Monday, October 12, 2009

The US Dollar: a worthless piece of paper

The 08 October 2009 column of The New American website, originally appearing at:

By Bob Confer

Following the OPEC Summit in November of 2007, Iranian President Mahmoud Ahmadinejad shook things up when he said the U.S. dollar was “a worthless piece of paper.” He had expressed concern over the dollar’s decreasing value and wondered aloud if the global marketplace should use another currency in the trading of oil. At the time, the world scoffed at the concept and looked at Ahmadinejad as a mad man.

How the times have changed! Ahmadinejad could almost be looked at as trendsetter and more of a genius than a mad man as other world leaders – some of the most powerful on the planet - have taken to his way of thinking. On October 6, a United Kingdom newspaper, The Independent issued a shocking report that said Gulf Arabs along with the leaders of China, Russia, Japan, and France, have been meeting in secret to develop a plan that would abandon the dollar as the unit of trade for oil. The article noted their plan to move to a mixed currency basket that would include, among others, the Chinese yuan and euro.

This suddenly mainstream belief that the dollar is worthless does have its merit. The world’s reserve currency has tumbled as of late, hitting this past week its lowest value in 14 months versus the value of the currencies of the United States’ largest trading partners. This decline follows a brief half-year period when it grew in strength, becoming a safe haven for domestic and foreign investors in the panic that followed the collapse of the financial markets in September and October of 2008. Prior to that, the dollar had been in a frighteningly steep decline — independent of the recession — in which wholesale prices grew by 6.7 percent in 2007, inflation’s greatest annual increase in 26 years.

The dollar has become so weak that many investors — at home and abroad — are abandoning it and heading to gold ,which reached all-time highs in recent days. On October 9 it ended the day at $1,056 an ounce, a record high that will no doubt be exceeded in the coming weeks.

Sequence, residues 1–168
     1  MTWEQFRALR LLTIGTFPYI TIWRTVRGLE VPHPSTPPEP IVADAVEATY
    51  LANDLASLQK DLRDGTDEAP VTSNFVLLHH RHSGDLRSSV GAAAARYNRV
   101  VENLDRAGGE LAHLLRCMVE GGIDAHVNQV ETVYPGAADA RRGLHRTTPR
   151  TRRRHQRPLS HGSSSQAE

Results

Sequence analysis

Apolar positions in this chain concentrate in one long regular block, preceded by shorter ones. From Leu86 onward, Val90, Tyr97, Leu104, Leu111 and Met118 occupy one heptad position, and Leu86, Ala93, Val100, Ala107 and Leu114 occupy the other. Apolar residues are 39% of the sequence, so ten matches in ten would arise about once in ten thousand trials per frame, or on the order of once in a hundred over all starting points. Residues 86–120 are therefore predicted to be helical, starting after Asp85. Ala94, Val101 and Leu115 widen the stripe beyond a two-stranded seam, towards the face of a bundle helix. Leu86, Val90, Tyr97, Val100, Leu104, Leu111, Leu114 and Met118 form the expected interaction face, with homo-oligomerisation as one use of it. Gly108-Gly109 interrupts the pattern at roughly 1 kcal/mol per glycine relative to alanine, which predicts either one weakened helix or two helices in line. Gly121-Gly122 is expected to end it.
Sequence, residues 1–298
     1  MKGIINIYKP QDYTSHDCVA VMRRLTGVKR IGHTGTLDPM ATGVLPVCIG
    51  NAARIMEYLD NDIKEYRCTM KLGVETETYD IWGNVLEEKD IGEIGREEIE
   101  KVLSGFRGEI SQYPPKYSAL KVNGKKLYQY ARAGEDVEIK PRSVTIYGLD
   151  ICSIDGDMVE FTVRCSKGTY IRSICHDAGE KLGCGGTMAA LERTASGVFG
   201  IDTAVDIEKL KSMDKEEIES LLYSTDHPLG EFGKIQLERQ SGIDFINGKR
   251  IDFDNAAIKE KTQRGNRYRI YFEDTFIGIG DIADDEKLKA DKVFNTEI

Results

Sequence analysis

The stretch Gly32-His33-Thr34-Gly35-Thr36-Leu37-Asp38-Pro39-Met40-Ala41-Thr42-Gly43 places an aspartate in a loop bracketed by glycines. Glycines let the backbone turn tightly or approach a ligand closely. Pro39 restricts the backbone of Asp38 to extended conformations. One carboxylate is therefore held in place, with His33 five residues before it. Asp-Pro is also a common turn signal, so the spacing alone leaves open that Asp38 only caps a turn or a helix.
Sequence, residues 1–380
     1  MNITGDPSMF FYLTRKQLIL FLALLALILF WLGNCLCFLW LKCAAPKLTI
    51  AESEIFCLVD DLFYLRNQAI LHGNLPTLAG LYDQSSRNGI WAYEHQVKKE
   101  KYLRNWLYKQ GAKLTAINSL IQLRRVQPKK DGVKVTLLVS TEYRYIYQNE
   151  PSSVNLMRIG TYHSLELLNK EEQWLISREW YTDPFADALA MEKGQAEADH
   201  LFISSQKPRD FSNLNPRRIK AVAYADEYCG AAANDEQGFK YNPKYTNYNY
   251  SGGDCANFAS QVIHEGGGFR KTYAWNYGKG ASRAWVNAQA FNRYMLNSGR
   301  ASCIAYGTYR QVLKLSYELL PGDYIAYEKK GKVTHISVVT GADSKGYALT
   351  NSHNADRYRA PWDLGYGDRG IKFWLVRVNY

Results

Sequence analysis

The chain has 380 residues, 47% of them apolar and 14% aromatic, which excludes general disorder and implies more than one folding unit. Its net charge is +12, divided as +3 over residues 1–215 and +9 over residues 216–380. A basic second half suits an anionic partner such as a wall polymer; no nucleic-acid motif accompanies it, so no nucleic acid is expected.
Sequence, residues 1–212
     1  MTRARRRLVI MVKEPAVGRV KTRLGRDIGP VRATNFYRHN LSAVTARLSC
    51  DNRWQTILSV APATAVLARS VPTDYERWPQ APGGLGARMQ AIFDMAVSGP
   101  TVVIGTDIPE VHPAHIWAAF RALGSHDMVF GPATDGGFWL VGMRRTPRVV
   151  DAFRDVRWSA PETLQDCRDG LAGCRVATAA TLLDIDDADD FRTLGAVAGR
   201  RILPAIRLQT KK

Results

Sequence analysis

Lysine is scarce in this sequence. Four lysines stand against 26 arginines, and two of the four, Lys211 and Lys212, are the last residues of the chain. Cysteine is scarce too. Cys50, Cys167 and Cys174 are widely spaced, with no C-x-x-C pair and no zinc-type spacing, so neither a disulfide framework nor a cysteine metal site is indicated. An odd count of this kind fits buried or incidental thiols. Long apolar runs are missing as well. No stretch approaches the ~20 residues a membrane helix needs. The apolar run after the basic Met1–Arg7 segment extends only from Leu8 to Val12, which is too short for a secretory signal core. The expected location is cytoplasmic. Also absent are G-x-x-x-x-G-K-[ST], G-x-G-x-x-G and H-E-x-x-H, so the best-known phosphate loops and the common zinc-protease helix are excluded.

The expansion of gold’s value is something one typically sees in periods of crisis, but we are supposedly not in a crisis — many nations and even the Federal Reserve have said that the world is climbing out of the recession. That means that people are now buying gold not out of fear but rather because it’s a safe bet against inflation. This situation has become so extreme that the oil fund conspirators have planned to add gold to their currency basket, something that would mark the first time since the abandonment of the last vestiges of the gold standard in 1971 that the precious metal will be used as a currency equivalent.

Gold’s ongoing rise indicates even rougher times ahead for the U.S. dollar. As investors sell-off their dollars and foreign borrowers pay off their debts far in advance, the global markets will be flooded with greenbacks that no one, other than Americans, will really have any use for. Because of high supply and low demand for it, the dollar will continue to devalue and become the least powerful of the currencies used by the world’s largest economies.

As that takes place in the global markets, the U.S. federal government, aided and abetted by the virtually untouchable and uncontrollable Federal Reserve, will demand the creation of more of our money — out of thin air — in an effort to address the irresponsible runaway spending that the Bush and Obama Administrations have instituted in their misguided endeavors to right our sinking economy. The current national debt is just under $12 trillion and the Congressional Budget Office recently estimated that the federal deficit will be $1.4 trillion for fiscal year 2009. This constant addition to the already-overabundant supply of dollars will debase our currency because it won’t be backed by anything of value (which it really hasn’t been since the loss of the gold standard) because those who have been our biggest borrowers (like China) will borrow no more out of fear of getting no return — or, quite realistically, a loss — on their investment, meaning that every dollar added is, as Ahmadinejad put it, a worthless piece of paper.

This is inflation in practice, which is guaranteed to cause real pain for the average American. Higher money supply will raise the specter of growing wholesale prices, which, in coming years, will far exceed the pinch we felt in 2007. This will in turn create a lower standard of living for all who live in the United States.

Upon assessing this development, one cannot help but wonder if the dollar’s demise is being done in purposeful fashion. It’s not the dollar’s naysayers, the Chinas and Russias, who made it weak. No, it was the United States’ government itself. Even while knowing full well the impact of overspending and inflation, our leaders have pressed ahead in a manner that cheapens our dollar and our existence. Such decisions may be a deliberate move to weaken our nation, the most powerful in history, so it can be fully integrated into the less-prosperous and less-free economies and societies of the world.

The dollar has been made worthless by design. Hopefully, our great nation will not follow suit.

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